Are you a poetry guerrilla? Let’s talk tactics!

There’s a poem in the Imaginarium called ‘The Poetry Guerrilla’. You can listen to me reading it here:

You can also read the poem on the National Poetry Day website at At this point it’s important not to confuse a poetry guerrilla with a poetry gorilla. So what exactly are we talking about here? Guerrilla poetry involves publishing and sharing poetry in unexpected and unconventional ways, and in unexpected and unusual places. Guerrilla poets like to choose surprising media or materials for their poems. The word ‘guerrilla’ actually comes from warfare – guerrillas are a type of soldier who use the element of surprise in fighting their enemies. But we won’t be doing any fighting here, just poeting.

The poet Mark Waddell makes poems on signs in his front garden for passersby to read

Here are some examples of guerrilla poetry action –

  • Chalking poems on a pavement or a wall (using chalk means the poems will wash or fade away, so there’s no damage to anyone’s property, which is important).
  • Writing poems on postcards and leaving them on cafe tables for people to find.
  • Standing in the street and performing poems to passersby.
  • Sneaking around in the supermarket and popping poems in people’s shopping trollies.
  • Publishing poems on the sides of buses (obviously you need the cooperation of the bus company to pull this one off).
  • Making edible poems in icing on cakes for people to eat.
  • Writing poems on paper or making a mini booklet and leaving them on public transport, sticking them to lamp posts, leaving them on the shelves of libraries, in people’s letter boxes, etc.

Could you be a poetry guerrilla?

Try these 3 tests and find out!

Level 1: Tell your story – in a flash

Remember the poetry guerrilla in my poem? Well, let’s just suppose that you are that very guerrilla. You’ve been up all night, putting poetry into the world. You’re up every night. Where do you go? What do you wear? How do you travel? Why do you do it? How do you make sure nobody sees you? What do you love about your job? What’s not so great about it? Where do you get all your poems from? You have exactly 100 words (not one word more or one word less) to tell us something of your story. You can use one or two of these questions as a prompt, or you can tell us anything you like. Go!

Level 2: If I were a poetry guerrilla

At level 1 you entered the mind of the poetry guerrilla in my poem. Now you’re going to enter the mind of your very own poetry guerrilla. Suppose you, as the ‘real you’ that you are now, were going to become a poetry guerrilla. How might you go about it? What sorts of things might you get up to? Well, let’s find out… It’s time to get brainstorming and list-making! You can be a lone guerrilla and do this solo, or you can get a bunch of friends or family or classmates to pitch in their ideas too. Totally your call. Ready? Go! What we want is a list of 10 poetry guerrilla activities that you could actually do, in the next few weeks. The do-able part is very important here (so if you were thinking of dropping a rain of poems from a helicopter, you’d need to already know someone with a helicopter who’d be up for it). Here are the rules: in everything on your list you should be sure that you stay safe, don’t damage anyone else’s property, and don’t invade anyone’s personal space.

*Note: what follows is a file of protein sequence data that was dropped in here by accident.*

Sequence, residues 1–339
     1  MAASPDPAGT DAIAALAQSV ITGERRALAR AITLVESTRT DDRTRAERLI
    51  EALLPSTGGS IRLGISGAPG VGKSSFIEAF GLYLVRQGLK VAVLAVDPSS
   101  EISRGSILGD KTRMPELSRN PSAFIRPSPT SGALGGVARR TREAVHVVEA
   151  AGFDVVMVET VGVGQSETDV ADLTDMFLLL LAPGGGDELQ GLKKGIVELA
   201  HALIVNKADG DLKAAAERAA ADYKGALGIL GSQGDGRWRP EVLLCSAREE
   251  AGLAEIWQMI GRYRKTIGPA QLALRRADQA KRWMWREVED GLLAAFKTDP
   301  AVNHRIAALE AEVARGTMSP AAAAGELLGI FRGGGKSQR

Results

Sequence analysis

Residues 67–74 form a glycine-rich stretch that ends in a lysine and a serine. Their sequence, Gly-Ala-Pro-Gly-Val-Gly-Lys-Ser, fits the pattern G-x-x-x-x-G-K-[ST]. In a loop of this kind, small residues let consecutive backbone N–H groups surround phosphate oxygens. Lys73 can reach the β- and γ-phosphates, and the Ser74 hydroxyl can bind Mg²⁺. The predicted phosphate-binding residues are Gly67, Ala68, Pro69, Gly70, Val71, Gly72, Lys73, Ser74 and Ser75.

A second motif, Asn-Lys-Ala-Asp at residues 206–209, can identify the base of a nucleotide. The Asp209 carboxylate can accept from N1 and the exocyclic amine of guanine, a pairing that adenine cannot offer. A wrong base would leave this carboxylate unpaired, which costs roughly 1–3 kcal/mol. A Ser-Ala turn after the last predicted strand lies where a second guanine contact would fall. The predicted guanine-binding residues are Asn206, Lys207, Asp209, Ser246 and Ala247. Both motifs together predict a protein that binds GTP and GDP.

Level 3: Pedal to the medal

You guessed what was coming next, right? This is where you turn ideas into action and actually become a poetry guerrilla. The mission, if you choose to accept is, is simple: take your list of 10 from level 2, choose one thing from that list, and do it. Then another. Then another. And so on. You can act alone, or you can form a guerrilla gang. (If you form a gang, then you will no doubt need a special gang name). Perhaps your family or your class at school could form a poetry guerrilla gang, and over the course of a term you could work through the whole list.
Go guerrillas – let’s fill this world with poetry!
The artist Robert Montgomery makes poems in lights


P.S. Poetry guerrillas on the loose in London!

Many thanks to Eleanor Parker, librarian at St James Senior Girls’ School in London, who dropped me a line to say that the whole school had become a gang of poetry guerrillas as part of National Poetry Day 2020! 

“After listening to ‘The Poetry Guerrilla’ by Shauna Darling Robertson and viewing some real life examples of the art, pupils were asked to create their own post-it poems which they put up around the school, inspiring others with their vision of the world (the theme for National Poetry Day 2020 was ‘Vision’). The pupils really enjoyed it and it was so fun to spot the poems all around school.”

Eleanor kindly shared a few photos.

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